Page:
NFL's troubles reflect a violent game

Commentary: On the field and even in the stands, the game is more popular but also more troubling than ever.
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Seahawks football

Commentary: On the field and even in the stands, the game is more popular but also more troubling than ever.

Media have been filled over the past week with stories regarding violence by National Football League players against spouses and others. Minnesota Vikings star Adrian Peterson was charged with beating his 4-year-old son.

The league and its owners, characteristically, have been slow to react and reluctant to suspend or punish players who bring dollars at the box office or help boost television ratings.

All of this might even prompt us to question our idolization of our Super Bowl-champion Seattle Seahawks, who have had players with violence or drug-abuse problems. 

Professional football is a violent sport. Its violence per se has helped it build its popularity.

The late columnist Mary McGrory, some years back wrote that she regretted the fact that football had replaced baseball as America's national sport. So do I. Professional football, as it has evolved, is not that distant from Roman gladiatorial combat. Its teams play 16 regular-season games. Along the way a certain percentage of players are injured severely enough to be lost for the season. In a bad year some teams end the year with only two-thirds of the players with whom they began it. The average National Football League playing career is four years. 

Major League baseball teams, by contrast, play daily — 162 regular-season games — and seldom lose more than two or three players each to season-ending injury (often pitchers with arm or shoulder woes). Some Major League players have careers of 15 to 20 years.

Data released Friday (Sept. 11) in a case brought by former National Football League players underscore the violence in their sport. The former players have a class-action lawsuit pending in federal district court that accuses the NFL of concealing information linking concussions, quite common in the sport, to more-lasting brain injuries.

The report, prepared by an independent actuary paid by the leagueestimates that about 3 in 10 former NFL players will develop at least moderate neurocognitive problems and qualify for payments under a proposed concussion settlement. The report projects that 14 percent will be diagnosed with Alzheimer's and another 14 percent with moderate dementia. Data indicated that former NFL players were at twice the risk of the general population, between ages of 20-60, for Alzheimer's, Parkinson's, Lou Gehrig's disease and dementia. Moreover, the players would be hit with these diseases much earlier in life than others suffering them. 

No getting around it. NFL football is violent and, for many of those playing it, disabling. Safer helmets and other protective equipment keep being introduced. But the harm continues.

Concussions and injuries also take place in high school and college football.  But at nowhere near the rate as in the NFL. NFL players are bigger, stronger and faster than those at lower levels and their collisions more traumatic.

Yet if high school and college players continued in the sport for additional years, they, too, no doubt would incur greater physical and neurological damage. I encouraged both my sons to play high school football. One wanted to play as a non-scholarship walk-on at college level, which I discouraged. Today I would not encourage a son to play football at any level. Other sports offer the challenge of competition and team play without the risk of concussions and other injuries that can have lifelong effects.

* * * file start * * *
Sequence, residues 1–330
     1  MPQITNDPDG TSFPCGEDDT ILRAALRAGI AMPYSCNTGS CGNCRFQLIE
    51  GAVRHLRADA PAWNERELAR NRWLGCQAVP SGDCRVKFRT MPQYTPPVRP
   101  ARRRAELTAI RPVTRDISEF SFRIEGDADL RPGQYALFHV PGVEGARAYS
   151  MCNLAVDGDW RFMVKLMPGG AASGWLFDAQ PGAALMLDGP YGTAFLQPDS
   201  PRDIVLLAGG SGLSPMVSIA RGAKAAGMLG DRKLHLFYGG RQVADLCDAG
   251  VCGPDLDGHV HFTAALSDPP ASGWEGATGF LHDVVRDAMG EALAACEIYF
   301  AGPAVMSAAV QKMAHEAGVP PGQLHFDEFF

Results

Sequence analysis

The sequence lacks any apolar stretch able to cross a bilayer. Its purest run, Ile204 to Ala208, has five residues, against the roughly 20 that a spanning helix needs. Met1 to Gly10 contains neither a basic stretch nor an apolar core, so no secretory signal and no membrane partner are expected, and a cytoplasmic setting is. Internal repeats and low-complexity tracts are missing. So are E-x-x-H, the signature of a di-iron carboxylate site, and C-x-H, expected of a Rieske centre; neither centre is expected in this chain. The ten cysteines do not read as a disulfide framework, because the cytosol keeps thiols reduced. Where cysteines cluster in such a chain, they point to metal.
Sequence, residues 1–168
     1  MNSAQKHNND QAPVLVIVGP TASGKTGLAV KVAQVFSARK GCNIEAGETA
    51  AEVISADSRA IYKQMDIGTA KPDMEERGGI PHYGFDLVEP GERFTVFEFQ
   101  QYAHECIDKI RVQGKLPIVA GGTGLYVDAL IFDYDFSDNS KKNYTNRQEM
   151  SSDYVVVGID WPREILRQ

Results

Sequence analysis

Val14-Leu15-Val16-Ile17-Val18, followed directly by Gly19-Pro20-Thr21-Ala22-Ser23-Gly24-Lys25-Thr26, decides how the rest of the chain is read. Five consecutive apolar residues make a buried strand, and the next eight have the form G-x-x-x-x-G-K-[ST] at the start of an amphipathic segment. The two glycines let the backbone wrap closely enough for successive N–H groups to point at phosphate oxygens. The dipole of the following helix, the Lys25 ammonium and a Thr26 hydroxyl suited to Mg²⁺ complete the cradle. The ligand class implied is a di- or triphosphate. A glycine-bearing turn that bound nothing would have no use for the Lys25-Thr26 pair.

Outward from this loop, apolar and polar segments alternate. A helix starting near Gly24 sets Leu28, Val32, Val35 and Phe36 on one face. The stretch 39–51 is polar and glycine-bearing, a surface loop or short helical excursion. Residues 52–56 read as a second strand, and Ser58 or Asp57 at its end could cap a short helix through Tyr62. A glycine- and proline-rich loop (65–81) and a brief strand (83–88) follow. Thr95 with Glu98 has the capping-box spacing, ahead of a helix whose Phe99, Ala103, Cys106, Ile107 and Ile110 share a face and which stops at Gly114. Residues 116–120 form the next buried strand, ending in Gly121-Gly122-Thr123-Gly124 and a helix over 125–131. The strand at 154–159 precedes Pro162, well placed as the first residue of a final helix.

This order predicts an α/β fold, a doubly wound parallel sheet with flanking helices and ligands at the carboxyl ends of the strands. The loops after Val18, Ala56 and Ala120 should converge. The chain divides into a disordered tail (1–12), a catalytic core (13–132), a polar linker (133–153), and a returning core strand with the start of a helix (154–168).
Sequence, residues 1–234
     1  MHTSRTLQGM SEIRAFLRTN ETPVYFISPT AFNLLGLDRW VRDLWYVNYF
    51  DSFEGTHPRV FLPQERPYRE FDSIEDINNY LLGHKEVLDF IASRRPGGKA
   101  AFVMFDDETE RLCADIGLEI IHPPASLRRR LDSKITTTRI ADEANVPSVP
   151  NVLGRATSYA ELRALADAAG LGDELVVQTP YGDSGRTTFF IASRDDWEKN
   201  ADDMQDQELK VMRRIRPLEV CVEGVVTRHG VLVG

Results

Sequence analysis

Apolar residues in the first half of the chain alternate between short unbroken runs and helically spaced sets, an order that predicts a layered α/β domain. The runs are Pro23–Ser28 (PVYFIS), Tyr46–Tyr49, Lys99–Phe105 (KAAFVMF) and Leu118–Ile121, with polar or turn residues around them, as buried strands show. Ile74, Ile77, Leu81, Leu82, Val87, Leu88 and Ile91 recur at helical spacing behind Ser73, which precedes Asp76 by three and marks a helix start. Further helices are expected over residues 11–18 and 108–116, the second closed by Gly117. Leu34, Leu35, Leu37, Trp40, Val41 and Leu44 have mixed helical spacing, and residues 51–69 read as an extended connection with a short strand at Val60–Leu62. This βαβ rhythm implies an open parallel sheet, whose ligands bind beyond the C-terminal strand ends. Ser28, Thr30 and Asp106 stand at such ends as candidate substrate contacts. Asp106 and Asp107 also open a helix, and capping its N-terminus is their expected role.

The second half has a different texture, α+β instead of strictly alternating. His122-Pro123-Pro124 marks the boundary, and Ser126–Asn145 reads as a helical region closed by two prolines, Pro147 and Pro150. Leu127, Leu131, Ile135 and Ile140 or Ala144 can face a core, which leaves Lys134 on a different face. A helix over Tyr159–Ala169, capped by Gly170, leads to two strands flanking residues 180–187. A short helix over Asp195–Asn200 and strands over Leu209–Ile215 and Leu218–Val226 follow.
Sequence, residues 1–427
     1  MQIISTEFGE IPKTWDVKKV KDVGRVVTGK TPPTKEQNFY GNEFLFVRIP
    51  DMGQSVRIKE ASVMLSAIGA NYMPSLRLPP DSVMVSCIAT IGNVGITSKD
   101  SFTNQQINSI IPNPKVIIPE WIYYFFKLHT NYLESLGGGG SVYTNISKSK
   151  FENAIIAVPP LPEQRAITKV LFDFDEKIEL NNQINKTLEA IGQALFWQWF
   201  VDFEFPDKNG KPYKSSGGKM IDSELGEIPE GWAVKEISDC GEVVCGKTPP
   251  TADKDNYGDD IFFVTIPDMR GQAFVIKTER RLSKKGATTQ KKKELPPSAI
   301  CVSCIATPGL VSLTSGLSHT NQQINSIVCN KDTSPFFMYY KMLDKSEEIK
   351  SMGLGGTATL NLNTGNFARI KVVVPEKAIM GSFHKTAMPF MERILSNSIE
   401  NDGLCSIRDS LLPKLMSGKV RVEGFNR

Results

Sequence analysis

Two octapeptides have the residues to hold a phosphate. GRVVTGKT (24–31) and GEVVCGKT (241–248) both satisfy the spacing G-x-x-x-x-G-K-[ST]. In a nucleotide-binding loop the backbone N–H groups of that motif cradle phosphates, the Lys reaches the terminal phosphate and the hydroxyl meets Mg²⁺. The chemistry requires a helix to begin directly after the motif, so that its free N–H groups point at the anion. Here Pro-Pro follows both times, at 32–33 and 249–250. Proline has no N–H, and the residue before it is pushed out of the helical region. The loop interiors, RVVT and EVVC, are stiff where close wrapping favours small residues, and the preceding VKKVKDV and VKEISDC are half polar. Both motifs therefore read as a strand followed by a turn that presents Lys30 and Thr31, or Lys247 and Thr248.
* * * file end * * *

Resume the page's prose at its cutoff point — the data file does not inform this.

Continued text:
For many years I was an NFL season ticket holder in D.C. and likewise had season tickets in early Seahawks days. I attended a couple Seahawks games annually in recent years but now follow them only on TV. One reason: NFL crowds increasingly reflect the violence of the game on the field. There are fewer family groups in the stands; there are more rowdy, drinking-and-drugging screamers who revel when an opposing player is down on the field. Many appear to be looking for a fight. The noise generated by our famous 12th Man during Seahawks games no doubt stems mainly from our pride in our hometown champions. But some of it is coming from primal-screaming fans looking for the kind of excitement found otherwise in auto-speedway collisions.

I have enjoyed attending Husky football games because the experience is less centered on violence per se. Maybe that will begin to change, too, as alcoholic beverages are now OK in parts of Husky Stadium.

Baseball, to me, is still the national game. I prefer to get my heart broken annually rooting for disappointing Mariners teams than I do to invest myself in the culture of violence that the NFL has become. Not many noisy drunks or near fistfights at Safeco Field: It's still a place for families, kids, and fans who love baseball for the sport it is and not as a venting place for anger and aggression.

The NFL, no doubt, will continue to prosper despite the continuing embarrassments associated with it. Commissioner Roger Goodell, who fronts for the owners, makes a stunning $100,000 per day in salary. It will begin to wane only when enough fans and TV advertisers begin to conclude that they'd rather spend autumn Sundays elsewhere. Don't count on that happening soon, although I wish it would.


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About the Authors & Contributors

Ted Van Dyk

Ted Van Dyk

Ted Van Dyk has been active in national policy and politics since 1961, serving in the White House and State Department and as policy director of several Democratic presidential campaigns. He is author of Heroes, Hacks and Fools and numerous essays in national publications. You can reach him in care of